In February, I realized that the tall and skinny Expedit could be laid on it's side to provide an inexpensive solution to the built-ins I wanted for the living room. But I've watched my Expedit shelves sag, and I was sure one day it would finally collapse in on itself.
To be fair to IKEA, they do indicate a maximum weight per shelf of 29 pounds. How does that work out for the horizontal use? As I was building them, I kept telling myself it was an experiment!
But the sagging became quite visible:
The casters sold next to Expedit aren't a good choice either. The long panels that form the shelf and top are made of paper honeycomb encased in laminate. So two of these screws are really just holding on to laminate. Only the short upright pieces have solid areas in good locations.
Oh, did I mention the bookshelves are on wheels? It seemed smart to be able to move them around with the books in place, as this house is continually under some new project.
My plan involved securing a sheet of birch plywood as a base for each cabinet, which would give me more substance to screw the casters into, support the books and distribute their weight, and allow an additional two casters to be attached in the center, where Expedit is basically hollow.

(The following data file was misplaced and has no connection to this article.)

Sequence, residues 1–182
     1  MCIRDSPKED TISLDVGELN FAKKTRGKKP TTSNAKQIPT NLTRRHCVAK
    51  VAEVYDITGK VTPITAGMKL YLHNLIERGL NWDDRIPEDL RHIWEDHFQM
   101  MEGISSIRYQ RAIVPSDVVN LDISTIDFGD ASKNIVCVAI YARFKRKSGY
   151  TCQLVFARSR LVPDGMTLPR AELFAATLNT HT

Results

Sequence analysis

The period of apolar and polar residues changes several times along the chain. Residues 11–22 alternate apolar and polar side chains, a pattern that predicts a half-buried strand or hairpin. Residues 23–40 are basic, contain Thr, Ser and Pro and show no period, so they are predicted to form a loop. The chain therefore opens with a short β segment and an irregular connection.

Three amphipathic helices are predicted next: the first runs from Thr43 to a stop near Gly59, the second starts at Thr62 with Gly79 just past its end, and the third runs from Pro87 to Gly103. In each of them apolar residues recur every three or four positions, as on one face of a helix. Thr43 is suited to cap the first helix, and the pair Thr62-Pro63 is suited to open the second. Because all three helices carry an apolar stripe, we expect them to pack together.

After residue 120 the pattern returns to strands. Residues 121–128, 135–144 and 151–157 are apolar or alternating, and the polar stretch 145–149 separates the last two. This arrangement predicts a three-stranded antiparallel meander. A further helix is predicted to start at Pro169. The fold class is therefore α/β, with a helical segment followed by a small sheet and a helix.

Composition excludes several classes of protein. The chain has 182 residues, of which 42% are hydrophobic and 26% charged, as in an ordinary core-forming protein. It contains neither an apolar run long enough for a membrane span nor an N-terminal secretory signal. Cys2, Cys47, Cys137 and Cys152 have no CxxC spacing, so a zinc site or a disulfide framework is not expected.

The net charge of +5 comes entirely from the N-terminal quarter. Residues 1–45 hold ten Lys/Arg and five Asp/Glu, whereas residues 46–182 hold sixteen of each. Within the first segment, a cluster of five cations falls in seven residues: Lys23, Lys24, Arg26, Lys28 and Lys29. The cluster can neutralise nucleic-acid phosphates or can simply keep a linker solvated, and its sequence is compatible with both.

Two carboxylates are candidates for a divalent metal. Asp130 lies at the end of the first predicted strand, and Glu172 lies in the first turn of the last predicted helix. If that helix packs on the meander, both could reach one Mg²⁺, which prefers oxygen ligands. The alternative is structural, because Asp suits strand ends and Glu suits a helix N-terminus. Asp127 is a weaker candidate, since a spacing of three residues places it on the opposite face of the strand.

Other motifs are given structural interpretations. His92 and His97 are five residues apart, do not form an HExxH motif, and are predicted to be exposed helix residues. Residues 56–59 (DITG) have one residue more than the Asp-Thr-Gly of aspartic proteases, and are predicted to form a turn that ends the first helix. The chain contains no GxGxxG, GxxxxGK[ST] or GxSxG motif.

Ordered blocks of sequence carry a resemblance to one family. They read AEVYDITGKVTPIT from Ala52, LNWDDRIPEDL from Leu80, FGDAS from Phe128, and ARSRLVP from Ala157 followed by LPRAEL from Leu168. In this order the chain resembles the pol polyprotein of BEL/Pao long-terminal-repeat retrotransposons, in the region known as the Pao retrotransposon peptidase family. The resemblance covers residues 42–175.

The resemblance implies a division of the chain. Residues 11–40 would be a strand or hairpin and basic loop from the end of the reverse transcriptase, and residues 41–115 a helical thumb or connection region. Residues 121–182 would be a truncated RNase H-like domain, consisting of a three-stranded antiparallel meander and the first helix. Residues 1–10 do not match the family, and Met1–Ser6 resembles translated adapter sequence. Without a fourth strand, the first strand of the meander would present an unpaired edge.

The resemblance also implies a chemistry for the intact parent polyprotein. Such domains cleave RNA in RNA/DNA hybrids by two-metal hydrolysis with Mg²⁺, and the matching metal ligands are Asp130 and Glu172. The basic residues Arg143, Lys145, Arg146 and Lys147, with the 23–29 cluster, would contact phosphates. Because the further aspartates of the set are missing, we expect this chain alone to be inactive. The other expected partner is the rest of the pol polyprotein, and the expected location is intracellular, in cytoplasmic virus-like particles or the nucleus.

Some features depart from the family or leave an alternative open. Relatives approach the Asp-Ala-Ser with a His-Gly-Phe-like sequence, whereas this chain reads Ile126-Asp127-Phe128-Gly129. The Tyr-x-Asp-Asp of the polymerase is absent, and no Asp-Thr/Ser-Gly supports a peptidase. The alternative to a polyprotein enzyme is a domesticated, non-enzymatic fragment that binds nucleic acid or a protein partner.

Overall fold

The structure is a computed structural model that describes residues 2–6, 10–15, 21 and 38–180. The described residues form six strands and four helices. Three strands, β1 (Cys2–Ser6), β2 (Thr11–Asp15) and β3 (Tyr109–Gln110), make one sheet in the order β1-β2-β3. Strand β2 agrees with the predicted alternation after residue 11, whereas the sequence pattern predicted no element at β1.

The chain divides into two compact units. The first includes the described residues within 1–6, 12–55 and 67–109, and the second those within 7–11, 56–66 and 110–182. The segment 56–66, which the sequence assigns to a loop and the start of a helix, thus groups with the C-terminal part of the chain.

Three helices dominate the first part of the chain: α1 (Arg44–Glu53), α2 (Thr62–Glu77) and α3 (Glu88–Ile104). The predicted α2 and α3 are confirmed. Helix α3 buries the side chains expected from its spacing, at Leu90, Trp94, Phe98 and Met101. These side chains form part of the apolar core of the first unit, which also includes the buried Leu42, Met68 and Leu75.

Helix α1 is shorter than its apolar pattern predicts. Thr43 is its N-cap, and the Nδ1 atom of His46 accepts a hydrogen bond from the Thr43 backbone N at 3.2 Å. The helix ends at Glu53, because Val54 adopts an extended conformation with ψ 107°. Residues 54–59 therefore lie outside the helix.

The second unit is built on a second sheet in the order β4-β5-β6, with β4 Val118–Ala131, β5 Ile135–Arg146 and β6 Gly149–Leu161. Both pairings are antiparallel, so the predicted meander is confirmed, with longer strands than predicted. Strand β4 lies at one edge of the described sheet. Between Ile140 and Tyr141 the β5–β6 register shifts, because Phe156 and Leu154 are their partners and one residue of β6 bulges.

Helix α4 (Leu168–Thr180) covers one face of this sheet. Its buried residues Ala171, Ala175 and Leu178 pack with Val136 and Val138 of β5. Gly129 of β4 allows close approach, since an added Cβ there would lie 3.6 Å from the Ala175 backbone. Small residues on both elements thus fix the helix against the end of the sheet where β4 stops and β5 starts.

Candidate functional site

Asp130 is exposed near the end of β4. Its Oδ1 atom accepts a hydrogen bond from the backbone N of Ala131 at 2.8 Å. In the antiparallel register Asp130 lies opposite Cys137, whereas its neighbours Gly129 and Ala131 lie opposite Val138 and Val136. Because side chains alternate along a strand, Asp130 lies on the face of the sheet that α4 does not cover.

I unloaded the books carefully so I wouldn't have to organize them again!
The casters came off.
Laying the birch sheet down, and planning for the casters.
Securing the sheet to Expedit, down on the two ends where there are solid areas.
Clean up! What is my deal that I need to do these projects inside the house, on the carpet, with no protective anything laid out to keep things clean? Risky behavior!
A tiny gain in height, the original one is to the left.
On to #2!
The birch plywood / white cabinet reflects what I designed for the kitchen on the other side of the room, using IKEA cabinets and custom plywood detailing with exposed edges.